with the situation. It means that all it takes to create an
international crisis is for some fool in Congress to put in a bill to
force ICANN to drop Cuba, Palestine or whatever other country they
want to grandstand against out of the root.
There is no particular secret to learning these concerns, you just
have to do some active listening.
Whether the concerns are credible or not, they are genuine. And some
of the people who hold them have the power to ensure that DNSSEC is
not deployed in their country.
The idea that the root operators would serve as the last line of
defense is not as naive as you imagine. The threat does not need to be
very credible to ensure that ICANN is kept in line. Nor is it the
'root operators' who are the real last line of defense, rather it is
the ISPs that route the address blocks for the IP addresses that they
Let us imagine that some Florida Congressman decides to grandstand
with an amendment to force ICANN to drop Cuba out of the root. The
preparations to protect against the damage would begin the minute the
bill was published. The Internet community is pretty quick to respond
in such cases, I don't think it would take more than a day before
backup roots were ready to deploy if necessary.
Since it is pretty clear that the rest of the world would move to a
non-ICANN root regardless of the level of reliability it provides in
preference to a root that is intentionally broken by the US Congress,
the contingency planning does not need to be particularly thorough.
This is explained to the Congressman by the State department in words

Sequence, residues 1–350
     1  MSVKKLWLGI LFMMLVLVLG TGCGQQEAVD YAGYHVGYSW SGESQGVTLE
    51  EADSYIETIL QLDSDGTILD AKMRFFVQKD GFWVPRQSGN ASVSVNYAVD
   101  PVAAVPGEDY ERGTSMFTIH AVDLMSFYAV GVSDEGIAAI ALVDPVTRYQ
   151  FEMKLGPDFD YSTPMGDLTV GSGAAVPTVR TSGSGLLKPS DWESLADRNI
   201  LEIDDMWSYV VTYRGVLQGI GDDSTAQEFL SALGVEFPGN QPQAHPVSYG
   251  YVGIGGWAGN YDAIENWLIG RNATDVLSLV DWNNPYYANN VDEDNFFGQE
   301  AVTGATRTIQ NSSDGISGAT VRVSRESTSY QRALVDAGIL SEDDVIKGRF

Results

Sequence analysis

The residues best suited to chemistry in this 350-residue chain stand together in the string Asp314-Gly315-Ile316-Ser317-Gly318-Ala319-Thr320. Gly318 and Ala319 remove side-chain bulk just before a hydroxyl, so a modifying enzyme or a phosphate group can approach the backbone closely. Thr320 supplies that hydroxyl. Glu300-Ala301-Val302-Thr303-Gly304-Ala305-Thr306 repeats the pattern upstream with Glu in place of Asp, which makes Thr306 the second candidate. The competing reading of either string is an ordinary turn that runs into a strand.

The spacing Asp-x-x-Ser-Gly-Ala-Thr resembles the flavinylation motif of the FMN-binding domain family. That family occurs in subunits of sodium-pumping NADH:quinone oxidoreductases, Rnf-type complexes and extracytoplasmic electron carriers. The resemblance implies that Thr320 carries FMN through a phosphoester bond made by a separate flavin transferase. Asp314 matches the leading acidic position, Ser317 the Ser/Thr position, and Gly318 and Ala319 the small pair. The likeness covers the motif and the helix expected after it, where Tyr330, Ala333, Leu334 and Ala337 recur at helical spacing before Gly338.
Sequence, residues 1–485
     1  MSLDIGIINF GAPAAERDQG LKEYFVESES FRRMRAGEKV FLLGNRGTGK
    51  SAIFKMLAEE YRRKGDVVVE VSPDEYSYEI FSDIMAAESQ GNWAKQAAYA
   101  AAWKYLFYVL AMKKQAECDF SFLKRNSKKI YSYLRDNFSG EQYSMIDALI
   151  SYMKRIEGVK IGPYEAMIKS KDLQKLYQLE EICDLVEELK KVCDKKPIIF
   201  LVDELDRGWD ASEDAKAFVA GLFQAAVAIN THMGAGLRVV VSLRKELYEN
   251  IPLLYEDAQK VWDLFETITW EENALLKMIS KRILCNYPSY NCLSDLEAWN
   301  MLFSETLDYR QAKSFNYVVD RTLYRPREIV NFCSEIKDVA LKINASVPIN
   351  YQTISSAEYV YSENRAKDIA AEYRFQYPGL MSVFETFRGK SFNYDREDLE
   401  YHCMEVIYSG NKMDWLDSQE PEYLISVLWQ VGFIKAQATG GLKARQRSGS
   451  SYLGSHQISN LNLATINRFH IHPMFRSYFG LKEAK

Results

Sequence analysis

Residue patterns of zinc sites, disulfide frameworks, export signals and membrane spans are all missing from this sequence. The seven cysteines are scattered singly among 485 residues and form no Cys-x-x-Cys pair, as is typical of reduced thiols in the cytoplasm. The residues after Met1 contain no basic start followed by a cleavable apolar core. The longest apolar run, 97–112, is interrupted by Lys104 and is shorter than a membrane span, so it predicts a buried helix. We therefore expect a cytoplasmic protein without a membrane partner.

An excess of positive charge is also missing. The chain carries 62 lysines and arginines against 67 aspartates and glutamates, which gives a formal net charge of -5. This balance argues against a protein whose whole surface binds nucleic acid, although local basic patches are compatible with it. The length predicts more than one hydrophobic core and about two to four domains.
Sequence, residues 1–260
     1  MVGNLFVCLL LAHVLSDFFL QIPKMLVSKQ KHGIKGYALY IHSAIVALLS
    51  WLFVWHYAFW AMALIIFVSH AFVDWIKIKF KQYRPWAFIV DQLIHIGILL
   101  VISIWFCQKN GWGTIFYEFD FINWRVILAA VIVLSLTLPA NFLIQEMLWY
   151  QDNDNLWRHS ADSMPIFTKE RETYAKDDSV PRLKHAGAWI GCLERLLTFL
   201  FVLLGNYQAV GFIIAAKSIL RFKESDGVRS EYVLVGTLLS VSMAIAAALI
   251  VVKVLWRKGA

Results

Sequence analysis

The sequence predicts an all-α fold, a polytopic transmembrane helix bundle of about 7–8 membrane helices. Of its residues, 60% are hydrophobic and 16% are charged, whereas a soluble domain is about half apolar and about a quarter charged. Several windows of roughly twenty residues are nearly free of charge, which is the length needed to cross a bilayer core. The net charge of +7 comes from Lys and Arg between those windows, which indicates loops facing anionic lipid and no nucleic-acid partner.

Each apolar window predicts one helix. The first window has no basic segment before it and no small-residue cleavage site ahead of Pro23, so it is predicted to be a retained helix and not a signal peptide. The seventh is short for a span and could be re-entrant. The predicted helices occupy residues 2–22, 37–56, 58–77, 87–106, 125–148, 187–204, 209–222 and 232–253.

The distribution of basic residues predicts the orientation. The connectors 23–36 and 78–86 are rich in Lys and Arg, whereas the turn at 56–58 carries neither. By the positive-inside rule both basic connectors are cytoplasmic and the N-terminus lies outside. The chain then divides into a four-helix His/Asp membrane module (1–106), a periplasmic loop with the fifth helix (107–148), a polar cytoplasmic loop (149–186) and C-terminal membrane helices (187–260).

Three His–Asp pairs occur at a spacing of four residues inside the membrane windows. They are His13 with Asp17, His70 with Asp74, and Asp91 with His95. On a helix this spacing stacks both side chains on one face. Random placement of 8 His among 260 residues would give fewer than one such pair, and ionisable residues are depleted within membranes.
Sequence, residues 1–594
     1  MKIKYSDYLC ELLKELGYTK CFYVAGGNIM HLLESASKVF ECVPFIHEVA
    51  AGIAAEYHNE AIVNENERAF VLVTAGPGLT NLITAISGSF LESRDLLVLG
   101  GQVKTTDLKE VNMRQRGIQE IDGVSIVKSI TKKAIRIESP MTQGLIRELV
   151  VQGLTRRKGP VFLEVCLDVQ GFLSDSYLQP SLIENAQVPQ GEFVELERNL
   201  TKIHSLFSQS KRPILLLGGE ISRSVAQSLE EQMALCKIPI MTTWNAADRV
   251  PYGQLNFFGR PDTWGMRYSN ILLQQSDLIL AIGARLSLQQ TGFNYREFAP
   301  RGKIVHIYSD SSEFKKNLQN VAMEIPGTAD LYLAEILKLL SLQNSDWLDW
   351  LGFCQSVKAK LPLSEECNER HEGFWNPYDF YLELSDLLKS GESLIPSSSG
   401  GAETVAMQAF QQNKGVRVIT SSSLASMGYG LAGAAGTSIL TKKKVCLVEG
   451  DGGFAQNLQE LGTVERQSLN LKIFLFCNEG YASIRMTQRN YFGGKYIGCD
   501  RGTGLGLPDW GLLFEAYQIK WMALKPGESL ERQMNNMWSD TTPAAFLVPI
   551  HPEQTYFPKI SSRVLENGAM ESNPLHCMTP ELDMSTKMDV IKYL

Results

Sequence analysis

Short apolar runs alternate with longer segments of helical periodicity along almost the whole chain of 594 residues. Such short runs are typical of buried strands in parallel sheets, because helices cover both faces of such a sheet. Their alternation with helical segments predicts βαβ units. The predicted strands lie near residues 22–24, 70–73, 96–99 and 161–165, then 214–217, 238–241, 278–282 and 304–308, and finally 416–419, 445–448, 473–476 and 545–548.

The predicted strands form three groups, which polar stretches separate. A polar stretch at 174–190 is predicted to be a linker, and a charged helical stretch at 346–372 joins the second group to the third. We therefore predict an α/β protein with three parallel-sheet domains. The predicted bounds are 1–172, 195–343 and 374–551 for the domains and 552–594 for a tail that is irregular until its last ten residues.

of few syllables and the bill is quickly dropped.
Note the interior political dynamic here. The problem is not 'the US',
it is one egotistical member of Congress who has the power to create
an international incident through grandstanding.
DNSSEC completely disrupts that delicate balance of interests. If the
DNSSEC root of roots is widely deployed in embedded devices according
to current plans, a defection by ICANN becomes a real risk. At that
point there is no certainty that the plan to drop out Cuba will fail.
Most importantly, the State department now has to spend real political
capital to ensure that the bill is dropped - if it chooses to do so.
Perhaps the President prefers having their vote for Health Care or
Now you have two approaches that you can take here. The first is that
you can continue to ignore an issue that has created real concern
outside the US, or you can look at minor modifications to the DNSSEC
architecture that allow the concerned parties to be co-opted.
The real political problem here is that the Internet does not provide
enough important jobs for everyone to feel included. So a technical
architecture that provides more jobs for people to do, provides a
means of co-opting those parties.
If you look at the original Web of Trust paper by Phil Z. you will